Israel Grounds Troubled F-35 Jets Over Faulty Ejector Seats

© JOEL SAGETTwo US Air Force Lockheed Martin F-35 fighter jets fly over the beach of Houlgate, north-western France, on June 6, 2021.
Two US Air Force Lockheed Martin F-35 fighter jets fly over the beach of Houlgate, north-western France, on June 6, 2021.  - Sputnik International, 1920, 31.07.2022
At least 50 F-35 fighter jets have been purchased by Israel from US defense contractor Lockheed Martin. Some 33 aircraft have already been delivered, and the rest will follow through 2024 in batches of two and three.
A day after reports that the US found an issue with the stealth jets' ejector seats, the Israel Air Force halted its cutting-edge F-35 fighters for training flights on Saturday.
According to an IDF news release, after doing an evaluation on the situation on Saturday night, Air Force commander Tomer Bar made the decision to have all 33 of the aircraft inspected over the next days.
Bar "emphasized that the examinations must be done in a strict and thorough manner in order to return the fleet to full competence while maintaining a high safety standard," per a translation of the statement.
"The Israeli Air Force is part of a global array of countries that operate this type of aircraft and works in cooperation with its counterparts and with the manufacturers, and this in order to meet an extremely strict standard, designed to maintain the safety of aircrews in training and operational activities," the statement added.
Despite the assessment, F-35 operational activity is reportedly anticipated to continue; however, Bar would give such uses individual case-by-case approval, according to the Israeli military.
The action was made after the US Air Force announced on Friday that its F-35 aircraft would be temporarily grounded due to a fault with the cartridges used to blast out the ejector seats in an emergency.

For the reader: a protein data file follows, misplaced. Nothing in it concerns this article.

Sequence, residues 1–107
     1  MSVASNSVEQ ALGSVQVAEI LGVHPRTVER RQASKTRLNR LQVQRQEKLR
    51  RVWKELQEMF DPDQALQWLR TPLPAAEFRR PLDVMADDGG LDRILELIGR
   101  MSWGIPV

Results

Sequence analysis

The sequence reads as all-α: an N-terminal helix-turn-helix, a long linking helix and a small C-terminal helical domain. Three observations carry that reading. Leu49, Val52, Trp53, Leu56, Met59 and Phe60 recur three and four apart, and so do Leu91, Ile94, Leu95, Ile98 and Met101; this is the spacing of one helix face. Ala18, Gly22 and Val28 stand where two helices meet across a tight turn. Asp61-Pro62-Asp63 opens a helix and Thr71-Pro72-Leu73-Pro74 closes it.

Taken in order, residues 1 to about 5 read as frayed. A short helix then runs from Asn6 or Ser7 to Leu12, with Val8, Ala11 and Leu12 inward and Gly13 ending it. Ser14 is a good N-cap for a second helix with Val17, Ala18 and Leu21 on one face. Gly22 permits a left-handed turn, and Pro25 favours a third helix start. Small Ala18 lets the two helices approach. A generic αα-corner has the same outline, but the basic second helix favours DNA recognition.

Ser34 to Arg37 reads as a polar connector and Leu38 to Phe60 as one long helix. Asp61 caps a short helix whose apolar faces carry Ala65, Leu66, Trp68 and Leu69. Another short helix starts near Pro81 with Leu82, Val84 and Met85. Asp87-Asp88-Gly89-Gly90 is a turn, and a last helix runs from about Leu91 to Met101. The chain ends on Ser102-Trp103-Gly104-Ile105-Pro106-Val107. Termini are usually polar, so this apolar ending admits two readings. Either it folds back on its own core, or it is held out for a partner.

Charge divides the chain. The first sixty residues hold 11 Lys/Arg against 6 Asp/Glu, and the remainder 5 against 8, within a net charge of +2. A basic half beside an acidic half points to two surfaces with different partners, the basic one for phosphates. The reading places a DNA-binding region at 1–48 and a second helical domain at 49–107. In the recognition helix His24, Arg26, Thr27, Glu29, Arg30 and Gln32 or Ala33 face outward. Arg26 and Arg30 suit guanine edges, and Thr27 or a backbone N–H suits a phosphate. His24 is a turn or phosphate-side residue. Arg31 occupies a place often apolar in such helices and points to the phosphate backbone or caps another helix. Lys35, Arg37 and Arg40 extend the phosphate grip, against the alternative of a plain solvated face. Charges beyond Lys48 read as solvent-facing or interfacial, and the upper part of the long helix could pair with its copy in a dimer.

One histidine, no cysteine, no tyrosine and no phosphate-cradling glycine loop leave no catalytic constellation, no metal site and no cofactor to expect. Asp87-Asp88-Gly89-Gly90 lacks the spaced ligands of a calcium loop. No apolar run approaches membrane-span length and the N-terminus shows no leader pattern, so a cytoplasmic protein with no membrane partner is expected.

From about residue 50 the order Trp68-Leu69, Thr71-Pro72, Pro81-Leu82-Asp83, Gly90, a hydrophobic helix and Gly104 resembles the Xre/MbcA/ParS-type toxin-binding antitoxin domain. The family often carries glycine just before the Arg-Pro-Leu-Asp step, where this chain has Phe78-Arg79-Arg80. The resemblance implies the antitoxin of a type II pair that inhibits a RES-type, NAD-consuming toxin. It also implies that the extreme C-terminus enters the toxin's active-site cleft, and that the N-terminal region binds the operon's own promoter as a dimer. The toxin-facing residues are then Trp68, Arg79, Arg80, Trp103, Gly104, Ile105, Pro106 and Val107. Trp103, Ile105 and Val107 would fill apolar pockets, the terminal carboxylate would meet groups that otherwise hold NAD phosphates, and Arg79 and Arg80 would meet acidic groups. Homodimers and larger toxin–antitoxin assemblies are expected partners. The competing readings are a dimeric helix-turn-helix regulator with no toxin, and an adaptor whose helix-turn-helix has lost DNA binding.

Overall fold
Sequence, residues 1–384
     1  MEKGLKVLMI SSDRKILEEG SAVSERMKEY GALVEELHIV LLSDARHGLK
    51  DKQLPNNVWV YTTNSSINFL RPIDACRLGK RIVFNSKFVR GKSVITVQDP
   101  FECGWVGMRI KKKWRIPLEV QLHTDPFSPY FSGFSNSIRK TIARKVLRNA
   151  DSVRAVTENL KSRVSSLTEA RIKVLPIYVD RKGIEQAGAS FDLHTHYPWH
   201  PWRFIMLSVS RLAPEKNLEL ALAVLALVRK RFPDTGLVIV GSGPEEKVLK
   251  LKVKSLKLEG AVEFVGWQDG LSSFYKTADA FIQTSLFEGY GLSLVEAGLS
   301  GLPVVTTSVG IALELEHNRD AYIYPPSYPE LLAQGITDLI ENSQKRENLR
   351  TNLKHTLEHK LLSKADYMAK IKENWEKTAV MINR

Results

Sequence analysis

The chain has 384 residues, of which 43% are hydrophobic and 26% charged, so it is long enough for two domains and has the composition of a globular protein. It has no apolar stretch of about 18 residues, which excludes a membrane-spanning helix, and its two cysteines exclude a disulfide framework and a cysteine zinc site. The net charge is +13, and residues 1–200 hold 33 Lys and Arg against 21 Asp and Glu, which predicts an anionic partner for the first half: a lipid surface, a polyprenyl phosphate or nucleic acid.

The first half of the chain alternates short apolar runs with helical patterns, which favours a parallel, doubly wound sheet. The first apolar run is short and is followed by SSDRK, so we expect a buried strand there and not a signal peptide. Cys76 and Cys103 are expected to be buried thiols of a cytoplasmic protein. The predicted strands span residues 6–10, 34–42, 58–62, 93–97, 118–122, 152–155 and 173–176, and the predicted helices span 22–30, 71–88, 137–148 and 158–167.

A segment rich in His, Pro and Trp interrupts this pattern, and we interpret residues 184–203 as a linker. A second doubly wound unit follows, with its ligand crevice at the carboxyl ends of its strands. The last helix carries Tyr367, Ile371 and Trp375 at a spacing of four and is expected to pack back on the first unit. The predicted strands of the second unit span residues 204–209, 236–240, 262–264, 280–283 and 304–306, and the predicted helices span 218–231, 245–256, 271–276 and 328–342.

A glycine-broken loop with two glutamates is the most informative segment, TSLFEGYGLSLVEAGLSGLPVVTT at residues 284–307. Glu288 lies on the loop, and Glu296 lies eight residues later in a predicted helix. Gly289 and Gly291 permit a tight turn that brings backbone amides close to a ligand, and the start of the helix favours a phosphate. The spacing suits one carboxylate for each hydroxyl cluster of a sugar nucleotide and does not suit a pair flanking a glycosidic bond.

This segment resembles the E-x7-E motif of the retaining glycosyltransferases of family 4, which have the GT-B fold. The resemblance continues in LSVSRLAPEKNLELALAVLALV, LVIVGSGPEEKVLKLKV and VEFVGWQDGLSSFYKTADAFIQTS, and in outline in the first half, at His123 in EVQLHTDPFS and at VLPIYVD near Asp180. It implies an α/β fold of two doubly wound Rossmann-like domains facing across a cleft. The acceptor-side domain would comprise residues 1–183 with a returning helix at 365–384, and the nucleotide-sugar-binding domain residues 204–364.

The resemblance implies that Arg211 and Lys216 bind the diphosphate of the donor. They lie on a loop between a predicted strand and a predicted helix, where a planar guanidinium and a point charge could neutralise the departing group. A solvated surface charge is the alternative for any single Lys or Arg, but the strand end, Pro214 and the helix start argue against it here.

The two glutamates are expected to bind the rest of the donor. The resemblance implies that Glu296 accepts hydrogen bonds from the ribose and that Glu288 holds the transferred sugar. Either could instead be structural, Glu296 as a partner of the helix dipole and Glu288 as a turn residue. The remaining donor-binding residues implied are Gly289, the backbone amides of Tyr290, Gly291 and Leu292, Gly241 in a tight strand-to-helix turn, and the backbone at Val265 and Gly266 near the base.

According to a report from Air Force Times, the US first identified the issue in April but did not ground the aircraft until after a three-month investigation. The issue was "traced back to a gap in the manufacturing process, which was addressed and changed," according to seat manufacturer Martin-Baker.
The manufacturer's spokesperson reportedly said the problematic component was lacking the magnesium powder that ignites the propellant that lifts a pilot to safety and was loose.
According to the report, the US tested 2,700 F-35 ejection seat cartridges since the issue was initially identified and recorded three failures. Individual US jet fighters that pass inspection will be put back into operation.
The US military has praised the fifth-generation F-35 as a "game-changer" for its offensive and stealth capabilities, as well as its capacity to communicate with other aircraft and create an information-sharing network.
The Air Force, Navy and Marine Corps, as well as more than a dozen other countries that have bought or received them, all fly the F-35 Joint Strike Fighter - the top fighter plane produced by the Pentagon. The US Department of Defense will have to spend more than $1.7 trillion to purchase, run, and maintain the jets in the US, according to an April report from the Government Accountability Office cited by the Air Force Times.
More than 3,000 F-35s are reportedly expected to be produced by Lockheed Martin for militaries all over the world. Over the previous 15 years, more than 800 aircraft have been delivered, more than half of which are for the US military.
In this Dec. 29, 2016 file photo, an Israeli Air Force F-35 plane performs during a graduation ceremony for new pilots in the Hatzerim Air Force Base near Beersheba - Sputnik International, 1920, 19.07.2022
Pentagon and Lockheed Reach Deal on Next Batch of F-35s Amid Inflation Concerns
To participate in the discussion
log in or register
Заголовок открываемого материала